S&P 500 futures are little changed ahead of more retail earnings before the Thanksgiving holiday

Date:

Traders on the floor of the NYSE, October 21, 2022.

Source: NYSE

Stock futures opened slightly higher on Sunday night, ahead of another run of retail earnings to kick off an abbreviated week before Thanksgiving.

Futures linked to the Dow Jones Industrial Average and S&P 500 were flat, while Nasdaq 100 futures were up 0.2%.

The main averages each posted a day up but a week down in the previous trading session. The Dow rose nearly 200 points, or 0.6%. The S&P climbed 0.5% and the Nasdaq Composite finished just 0.01% above the flat line.

Investors have been reflecting on the strength of the recent bear market rally, which kicked off earlier this month with October’s consumer price index reading and gained momentum with last week’s wholesale price reading. Traders were locked in last week’s reports from Federal Reserve officials, who were less than impressed with the data and reconsidered their optimism about the possibility of inflation slowing.

Ed Yardeni of Yardeni Research said he thinks the Oct. 12 low was the bottom and the S&P 500 could rise to nearly 4,300 by the end of the year, he told CNBC on “Closing Bell: Overtime” Friday night. The reference index currently stands at 3,965.34.

“What makes the big difference in the market is the resilience of the economy, which has been spectacular,” he said. “Everyone has been debating whether we’re going to have a soft landing or a hard landing — when there’s no landing at all. The consumer hasn’t gotten the recession memo and they’re continuing to spend money.”

Retail sales rose in October, but at the corporate level, Target reported slowing demand and Amazon announced it would lay off 10,000 workers — though Home Depot and Walmart have reported strong results.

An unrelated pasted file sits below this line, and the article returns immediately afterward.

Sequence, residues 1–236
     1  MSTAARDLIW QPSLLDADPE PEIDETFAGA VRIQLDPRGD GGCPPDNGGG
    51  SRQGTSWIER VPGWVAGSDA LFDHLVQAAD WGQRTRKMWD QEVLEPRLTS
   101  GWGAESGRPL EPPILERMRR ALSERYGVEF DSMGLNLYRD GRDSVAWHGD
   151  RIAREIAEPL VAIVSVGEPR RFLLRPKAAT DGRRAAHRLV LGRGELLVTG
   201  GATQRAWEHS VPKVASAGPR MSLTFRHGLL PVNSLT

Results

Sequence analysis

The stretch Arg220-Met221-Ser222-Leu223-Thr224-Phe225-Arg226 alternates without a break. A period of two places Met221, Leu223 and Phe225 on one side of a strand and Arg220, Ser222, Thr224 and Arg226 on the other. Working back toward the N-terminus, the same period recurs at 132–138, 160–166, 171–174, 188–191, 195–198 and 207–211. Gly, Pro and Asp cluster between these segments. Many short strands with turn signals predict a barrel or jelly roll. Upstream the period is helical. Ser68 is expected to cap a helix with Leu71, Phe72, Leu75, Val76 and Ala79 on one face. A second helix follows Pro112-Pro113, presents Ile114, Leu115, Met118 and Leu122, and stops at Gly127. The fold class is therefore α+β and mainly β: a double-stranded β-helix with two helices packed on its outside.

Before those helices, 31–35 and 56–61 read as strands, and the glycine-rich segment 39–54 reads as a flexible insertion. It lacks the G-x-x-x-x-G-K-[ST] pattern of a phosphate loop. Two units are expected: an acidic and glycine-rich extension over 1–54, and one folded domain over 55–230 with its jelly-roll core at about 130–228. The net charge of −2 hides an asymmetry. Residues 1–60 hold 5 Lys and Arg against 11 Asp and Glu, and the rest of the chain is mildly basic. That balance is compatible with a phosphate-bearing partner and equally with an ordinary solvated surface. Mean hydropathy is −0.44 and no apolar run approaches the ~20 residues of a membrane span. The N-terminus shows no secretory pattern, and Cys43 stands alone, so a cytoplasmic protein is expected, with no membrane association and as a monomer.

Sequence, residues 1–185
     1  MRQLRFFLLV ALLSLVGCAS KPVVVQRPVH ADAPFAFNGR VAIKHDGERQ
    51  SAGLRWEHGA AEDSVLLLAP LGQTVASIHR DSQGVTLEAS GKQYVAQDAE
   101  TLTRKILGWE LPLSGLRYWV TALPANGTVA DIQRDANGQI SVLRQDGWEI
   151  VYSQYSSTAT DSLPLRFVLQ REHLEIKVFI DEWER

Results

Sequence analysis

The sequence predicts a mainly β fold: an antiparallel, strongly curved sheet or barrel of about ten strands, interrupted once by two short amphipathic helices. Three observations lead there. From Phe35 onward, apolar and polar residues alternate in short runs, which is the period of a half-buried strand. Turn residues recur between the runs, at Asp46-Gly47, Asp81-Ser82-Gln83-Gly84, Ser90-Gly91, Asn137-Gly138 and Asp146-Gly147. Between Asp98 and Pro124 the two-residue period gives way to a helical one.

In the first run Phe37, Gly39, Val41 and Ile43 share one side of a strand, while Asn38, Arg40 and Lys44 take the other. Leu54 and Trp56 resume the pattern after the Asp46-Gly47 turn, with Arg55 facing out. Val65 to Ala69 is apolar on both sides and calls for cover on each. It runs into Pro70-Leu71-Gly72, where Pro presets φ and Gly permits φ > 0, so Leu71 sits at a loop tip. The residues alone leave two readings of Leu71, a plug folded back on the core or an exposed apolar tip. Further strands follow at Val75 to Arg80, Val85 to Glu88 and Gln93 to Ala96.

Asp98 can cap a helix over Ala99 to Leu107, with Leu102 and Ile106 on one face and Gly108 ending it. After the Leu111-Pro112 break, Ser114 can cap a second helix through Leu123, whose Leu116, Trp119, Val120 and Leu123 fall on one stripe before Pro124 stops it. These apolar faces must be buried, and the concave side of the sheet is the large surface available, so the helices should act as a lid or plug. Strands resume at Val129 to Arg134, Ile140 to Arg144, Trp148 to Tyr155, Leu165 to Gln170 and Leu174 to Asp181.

“Despite what holiday spending suggests, retail stocks tend to be in the top three in November, but in the bottom three in December, and somewhere in the middle of the pack in January,” said Liz Young, chief investment strategist at SoFi. . said in a note this weekend.

“Seasonality plays a role in market analysis and has a certain predictive power. But the power of the economic cycle is stronger no matter the time of year,” she added. “With 375 basis points of Fed rate hikes so far, an inverted yield curve, spikes in inflation and commodity prices still part of the story, we can almost conclude that we are late in the economic cycle.”

This week, a historically quiet week leading up to Thanksgiving, investors will be busy with a new batch of retail earnings to digest ahead of the start of the post-holiday shopping season. Best Buy, Nordstrom, Dick’s Sporting Goods and Dollar Tree are among the companies on deck.

Investors will also receive a flurry of economic reports, including durable goods, new home sales, unemployment claims and consumer confidence, as well as the release of minutes from the last Federal Reserve meeting.

Next week is a short one. The market is closed on Thursday for Thanksgiving. On Friday, the stock market closes at 1pm ET and the bond market closes at 2pm ET.

The Valley Voice
The Valley Voicehttp://thevalleyvoice.org
Christopher Brito is a social media producer and trending writer for The Valley Voice, with a focus on sports and stories related to race and culture.

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